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2016 FCM Sustainable Communities Awards — Energy Plan

WINNER: Region of Waterloo, ON

Living smarter in 2020: a plan for taking action on climate change

With three cities and a regional government pulling together to address climate change, the Region of Waterloo in southern Ontario has prioritized its clean technology and sustainable energy sectors.

Read the case study below to see highlights of the region's award-winning plan, and learn about the challenges and lessons learned that can help your community in a planning a similar initiative.

Region of Waterloo, ON, 2016 Sustainable Communities Award winner

About the project

Municipal population Project duration Total project value
569,000 2010–2020


Acting together, the Region of Waterloo and the three cities within its boundaries (Waterloo, Kitchener and Cambridge) have developed and begun implementing a local climate action plan that will reduce emissions, improve energy efficiency, and contribute to the prosperity of the entire region. Two local non-profit organizations worked closely with the four councils to develop the plan with shared targets and timelines. Local electric and gas utilities were also involved in developing the action plan and emissions reduction target. Stakeholders from 28 different organizations participated as well.

All four councils unanimously endorsed the plan and each administration committed to the same target: a 6 per cent reduction in GHG emissions from 2010 levels by 2020.

The action plan addresses energy use in homes and businesses, sustainable transportation, waste diversion and waste-to-energy generation, and touches on the role of sustainable water use and agricultural production. Implementation of a sample of 13 of its actions is expected to save businesses and residents more than $21 million, and generate nearly 5,400 person years of employment. Over time the plan is expected to stimulate growth in the clean technology and sustainable energy sectors within the region. 


"It's not surprising that the climate action plan has received such acceptance here. We have a history of working together, of trying to get everyone to work toward common goals, and I think that played a strong role."
Regional Chair Ken Seiling

Solar panels on building at Region of Waterloo Operations Centre in Cambridge, ON

3 people getting into Community CarShare electric vehicle, Region of Waterloo, ON

Project Highlights


Environmental Economic Social
  • 6 per cent reduction in GHG emissions from 2010 levels by 2020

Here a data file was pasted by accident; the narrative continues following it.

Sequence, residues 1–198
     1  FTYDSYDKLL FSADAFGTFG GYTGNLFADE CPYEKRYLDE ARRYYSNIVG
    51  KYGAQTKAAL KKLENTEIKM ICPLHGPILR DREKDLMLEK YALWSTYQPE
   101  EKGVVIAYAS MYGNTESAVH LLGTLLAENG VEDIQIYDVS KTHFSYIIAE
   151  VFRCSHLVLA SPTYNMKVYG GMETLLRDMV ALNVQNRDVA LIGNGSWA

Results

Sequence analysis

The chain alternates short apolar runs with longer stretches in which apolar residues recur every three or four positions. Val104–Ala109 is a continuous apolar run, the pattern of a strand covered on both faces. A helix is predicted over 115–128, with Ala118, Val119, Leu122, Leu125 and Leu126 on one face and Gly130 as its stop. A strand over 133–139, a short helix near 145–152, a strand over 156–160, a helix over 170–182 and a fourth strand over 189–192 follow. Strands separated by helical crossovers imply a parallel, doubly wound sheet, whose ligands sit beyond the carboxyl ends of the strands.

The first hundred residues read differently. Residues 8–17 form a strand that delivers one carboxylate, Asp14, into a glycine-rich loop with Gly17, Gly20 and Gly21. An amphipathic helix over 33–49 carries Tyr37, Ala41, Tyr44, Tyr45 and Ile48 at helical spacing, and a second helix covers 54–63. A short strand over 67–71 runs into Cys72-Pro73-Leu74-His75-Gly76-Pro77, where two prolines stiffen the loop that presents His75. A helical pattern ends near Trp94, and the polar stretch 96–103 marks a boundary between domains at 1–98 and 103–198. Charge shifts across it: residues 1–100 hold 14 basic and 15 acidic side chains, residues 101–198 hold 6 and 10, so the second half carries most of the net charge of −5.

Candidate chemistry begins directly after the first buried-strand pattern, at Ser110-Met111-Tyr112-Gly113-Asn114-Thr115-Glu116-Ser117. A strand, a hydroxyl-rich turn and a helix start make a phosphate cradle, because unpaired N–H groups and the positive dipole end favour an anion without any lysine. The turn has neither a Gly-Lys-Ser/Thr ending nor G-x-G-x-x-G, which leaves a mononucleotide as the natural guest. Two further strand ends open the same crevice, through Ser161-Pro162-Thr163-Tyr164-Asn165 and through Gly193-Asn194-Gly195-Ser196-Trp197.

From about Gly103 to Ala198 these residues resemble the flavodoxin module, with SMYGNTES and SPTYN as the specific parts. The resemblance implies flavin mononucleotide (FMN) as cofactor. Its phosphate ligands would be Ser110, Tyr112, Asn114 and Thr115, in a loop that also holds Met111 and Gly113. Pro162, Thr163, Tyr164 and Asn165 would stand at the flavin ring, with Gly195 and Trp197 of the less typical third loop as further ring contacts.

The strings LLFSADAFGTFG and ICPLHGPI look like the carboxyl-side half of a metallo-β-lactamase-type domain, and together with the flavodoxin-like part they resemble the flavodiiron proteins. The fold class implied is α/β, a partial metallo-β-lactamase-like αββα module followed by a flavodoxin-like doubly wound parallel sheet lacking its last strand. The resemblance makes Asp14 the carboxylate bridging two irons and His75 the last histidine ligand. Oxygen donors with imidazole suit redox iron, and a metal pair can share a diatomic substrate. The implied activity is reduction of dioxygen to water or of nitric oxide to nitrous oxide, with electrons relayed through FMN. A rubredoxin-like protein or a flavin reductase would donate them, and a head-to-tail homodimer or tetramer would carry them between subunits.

• Reduce energy use in homes and businesses

  • Increase transit use, cycling, walking, and car sharing and pooling

  • Improve solid waste diversion to minimize emissions from landfill

  • Add $350 million value to the local economy

  • Create more than 600 full-time local jobs lasting more than a decade

  • Save $21 million on household and business energy costs

  • Increase community involvement in climate actions
  • Improve public health and air quality
  • Save $10.5 million in health care costs related to air pollution
  • Increase street safety, interaction between people
  • Foster healthier homes and workplaces


  • Working with a large group of stakeholders takes time and commitment. The effort is worth it to achieve consensus and have the partner groups take ownership of the plan, but don't assume it will be easy.

  • Identifying measurable actions: people generate a lot of great ideas but many of them require extensive advance analysis to determine whether they are realistic and if they have a business case that stimulates the necessary financial support.

  • Collecting data and crunching numbers is demanding, but without it you can't plan concrete steps. You need the capacity to put numbers into action.

  • Ongoing measurement is only part of the task: you need to collate and capture the results and translate them into terms that the public and stakeholders can easily understand. Communicating the need for change, co-benefits of actions and the path to reach the reduction target is important to gain widespread support.

Lessons learned

  • Link environmental and economic benefits. It is critical for engaging people. By demonstrating cost savings, job opportunities and economic spinoffs, you can reach people with different priorities.

  • Coordinate the work of municipalities, utilities and non-profit organizations. It sends a powerful message that this is really what the community wants, and helps build support.

  • Develop a realistic community engagement strategy based on financial and staff capacity. Focus on high-quality interactions with a few key people.

  • Use accessible off-the-shelf tools such as Twitter and Facebook for online engagement.

  • Hire a full-time dedicated project manager to see the project through from start to finish.

  • The process will take more time than you expect. Add some extra contingency time to your schedule.

Partners and collaborators Project planning documents Related reading

City of Waterloo

City of Kitchener

City of Cambridge

REEP Green Solutions

Sustainable Waterloo Region

A Climate Action Plan for Waterloo Region: Living Smarter in 2020

Summer 2014 Progress Snapshot

Winter 2015 Progress Snapshot

Fall 2015 Progress Snapshot

GMF funding opportunities for planning initiatives

GMF energy resources

Partners for Climate Protection program

Case study - City of Surrey, BC, winner of the 2015 FCM Sustainable Communities Award (energy planning category)

More information

David Roewade
Sustainability Planner - Community Planning
Region of Waterloo, ON
T. 519-575-4757 ext. 3308

Jeca Glor-Bell
Advisor, Knowledge Services, FCM
T. 613-907-6393

Page Updated: 27/04/2018